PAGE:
There's an interesting Windows+mobile case today involving a ZeuS variant that steals mTANs, using a Symbian (.sis) or Blackberry (.jad) component.
An mTAN is a mobile transaction authentication number, sent via SMS, and is used by some banks as a form of single use one-time password to authorize an online financial transaction. The SMS message may also include transaction data that allows you to ensure that nothing has been modified (via a Man-in-the-Browser attack).
Windows OS based online banking is constantly under attack from phishing, pharming, cross-site scripting, and password stealing trojans. Adding an "outside" device to the process is a useful security countermeasure; one that we thought might be technically challenging enough to dissuade any would-be attackers. However, online security is ever a cat-and-mouse game, and we've often predicted it's only a matter of time before some banking trojan focused on phones.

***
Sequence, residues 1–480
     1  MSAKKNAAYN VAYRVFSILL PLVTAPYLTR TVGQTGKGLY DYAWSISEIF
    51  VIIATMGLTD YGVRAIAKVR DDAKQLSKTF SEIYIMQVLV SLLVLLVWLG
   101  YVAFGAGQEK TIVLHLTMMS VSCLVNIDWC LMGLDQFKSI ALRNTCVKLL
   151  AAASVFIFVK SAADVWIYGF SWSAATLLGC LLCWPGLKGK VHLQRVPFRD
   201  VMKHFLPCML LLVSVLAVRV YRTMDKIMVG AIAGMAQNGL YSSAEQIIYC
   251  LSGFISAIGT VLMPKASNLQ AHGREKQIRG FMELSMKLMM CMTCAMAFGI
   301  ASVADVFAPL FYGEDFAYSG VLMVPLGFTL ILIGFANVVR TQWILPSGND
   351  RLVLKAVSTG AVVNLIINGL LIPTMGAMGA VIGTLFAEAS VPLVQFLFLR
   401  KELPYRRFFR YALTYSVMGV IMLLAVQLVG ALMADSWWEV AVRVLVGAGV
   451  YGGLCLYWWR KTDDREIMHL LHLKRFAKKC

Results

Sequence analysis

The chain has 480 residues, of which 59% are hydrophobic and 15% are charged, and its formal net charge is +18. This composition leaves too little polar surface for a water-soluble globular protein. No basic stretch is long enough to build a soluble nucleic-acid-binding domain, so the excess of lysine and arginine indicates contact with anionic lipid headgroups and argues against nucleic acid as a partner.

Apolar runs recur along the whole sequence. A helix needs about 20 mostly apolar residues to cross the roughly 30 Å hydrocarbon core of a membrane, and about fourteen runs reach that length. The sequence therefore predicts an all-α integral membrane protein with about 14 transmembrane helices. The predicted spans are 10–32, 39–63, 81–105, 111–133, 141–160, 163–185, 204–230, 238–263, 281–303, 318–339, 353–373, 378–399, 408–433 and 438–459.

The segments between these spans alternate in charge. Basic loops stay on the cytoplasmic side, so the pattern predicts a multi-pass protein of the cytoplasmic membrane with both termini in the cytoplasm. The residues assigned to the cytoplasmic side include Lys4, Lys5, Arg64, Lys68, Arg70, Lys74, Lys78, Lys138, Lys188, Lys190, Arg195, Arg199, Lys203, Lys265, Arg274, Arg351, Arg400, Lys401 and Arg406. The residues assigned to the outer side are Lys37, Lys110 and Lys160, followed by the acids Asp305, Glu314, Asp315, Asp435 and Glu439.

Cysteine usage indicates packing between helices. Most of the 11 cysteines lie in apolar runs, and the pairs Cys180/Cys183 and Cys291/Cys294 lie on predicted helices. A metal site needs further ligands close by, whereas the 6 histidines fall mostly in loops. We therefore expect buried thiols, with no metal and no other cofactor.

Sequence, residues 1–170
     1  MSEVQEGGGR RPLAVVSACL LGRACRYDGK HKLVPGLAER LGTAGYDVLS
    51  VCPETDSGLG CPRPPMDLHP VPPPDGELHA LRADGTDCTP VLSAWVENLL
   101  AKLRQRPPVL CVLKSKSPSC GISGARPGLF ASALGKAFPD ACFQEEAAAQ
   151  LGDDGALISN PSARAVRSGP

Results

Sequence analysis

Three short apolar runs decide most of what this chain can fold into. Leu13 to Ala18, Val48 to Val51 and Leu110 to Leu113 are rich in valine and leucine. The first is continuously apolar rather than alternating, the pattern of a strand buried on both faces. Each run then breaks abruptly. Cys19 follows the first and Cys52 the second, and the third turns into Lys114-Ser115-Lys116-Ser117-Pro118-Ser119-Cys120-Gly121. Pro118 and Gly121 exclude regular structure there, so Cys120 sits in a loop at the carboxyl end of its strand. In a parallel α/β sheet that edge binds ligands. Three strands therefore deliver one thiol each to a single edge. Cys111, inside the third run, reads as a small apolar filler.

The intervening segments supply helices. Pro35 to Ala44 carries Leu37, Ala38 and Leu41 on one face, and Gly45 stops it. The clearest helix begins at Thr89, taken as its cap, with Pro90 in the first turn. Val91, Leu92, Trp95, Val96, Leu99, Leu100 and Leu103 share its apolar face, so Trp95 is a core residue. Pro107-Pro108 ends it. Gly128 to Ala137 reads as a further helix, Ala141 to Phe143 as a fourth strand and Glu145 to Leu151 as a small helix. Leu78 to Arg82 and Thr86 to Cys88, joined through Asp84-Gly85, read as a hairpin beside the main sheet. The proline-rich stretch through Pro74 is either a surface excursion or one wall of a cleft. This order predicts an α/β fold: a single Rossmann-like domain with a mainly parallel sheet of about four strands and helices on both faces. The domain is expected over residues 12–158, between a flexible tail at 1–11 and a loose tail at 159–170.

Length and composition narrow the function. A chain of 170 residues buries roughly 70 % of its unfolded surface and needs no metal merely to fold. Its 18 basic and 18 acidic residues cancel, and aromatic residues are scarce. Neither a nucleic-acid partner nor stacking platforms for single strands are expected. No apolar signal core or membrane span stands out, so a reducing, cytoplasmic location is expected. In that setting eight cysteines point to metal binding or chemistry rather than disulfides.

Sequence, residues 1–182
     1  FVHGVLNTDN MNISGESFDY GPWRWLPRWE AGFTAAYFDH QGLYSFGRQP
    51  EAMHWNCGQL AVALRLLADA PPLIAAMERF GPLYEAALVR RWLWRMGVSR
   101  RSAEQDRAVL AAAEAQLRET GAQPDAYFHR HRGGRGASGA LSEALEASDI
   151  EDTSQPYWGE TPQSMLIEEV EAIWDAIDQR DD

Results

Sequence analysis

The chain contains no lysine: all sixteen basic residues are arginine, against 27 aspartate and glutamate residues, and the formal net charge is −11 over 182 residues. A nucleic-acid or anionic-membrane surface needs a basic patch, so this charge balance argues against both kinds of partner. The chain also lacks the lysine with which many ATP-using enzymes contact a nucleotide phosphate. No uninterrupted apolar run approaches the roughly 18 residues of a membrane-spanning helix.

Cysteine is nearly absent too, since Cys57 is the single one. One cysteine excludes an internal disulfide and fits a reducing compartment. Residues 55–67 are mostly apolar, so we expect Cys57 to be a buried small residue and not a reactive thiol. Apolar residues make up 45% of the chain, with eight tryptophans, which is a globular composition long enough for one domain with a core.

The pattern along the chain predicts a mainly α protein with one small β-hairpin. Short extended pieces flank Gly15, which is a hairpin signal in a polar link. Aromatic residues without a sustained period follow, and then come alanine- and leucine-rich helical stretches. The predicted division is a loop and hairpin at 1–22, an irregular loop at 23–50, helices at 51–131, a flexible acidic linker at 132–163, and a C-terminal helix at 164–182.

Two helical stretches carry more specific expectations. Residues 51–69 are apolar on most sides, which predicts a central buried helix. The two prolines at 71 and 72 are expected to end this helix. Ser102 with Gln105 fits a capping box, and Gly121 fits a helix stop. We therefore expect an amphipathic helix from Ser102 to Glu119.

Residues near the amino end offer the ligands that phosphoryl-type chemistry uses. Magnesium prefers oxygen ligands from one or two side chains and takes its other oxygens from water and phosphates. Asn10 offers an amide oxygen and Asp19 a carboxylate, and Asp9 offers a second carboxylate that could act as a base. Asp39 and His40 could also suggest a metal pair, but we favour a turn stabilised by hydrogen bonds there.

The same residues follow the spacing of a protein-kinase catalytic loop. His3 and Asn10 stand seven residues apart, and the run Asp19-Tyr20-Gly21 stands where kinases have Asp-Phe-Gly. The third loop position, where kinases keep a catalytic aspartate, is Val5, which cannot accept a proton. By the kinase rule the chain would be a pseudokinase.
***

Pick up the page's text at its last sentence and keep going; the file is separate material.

Enter case Mitmo: S21sec, a digital security services company, posted on their blog on Saturday: ZeuS Mitmo: Man-in-the-mobile. The ZeuS variants they've discovered (which we detect as Trojan-Spy:W32/Zbot.PUA and PUB) ask for mobile phone details and then send an SMS with a download link based on the answers given by the victim.
We've analyzed the Symbian component (which we detect as Trojan:SymbOS/ZeusMitmo.A) and can confirm S21sec's research. The Symbian file, cert.sis, calls itself "Nokia update" and is Symbian Signed for S60 3rd Edition mobile phones.
It is difficult to get the complete picture of this emerging threat vector as the C&C used by the Zbot.PUA is no longer online, but based on the analysis and their configuration files, this attack is not a one-off by some hobbyist. It's been developed by individuals with an excellent understanding of mobile applications and social engineer. We expect that they'll continue its development.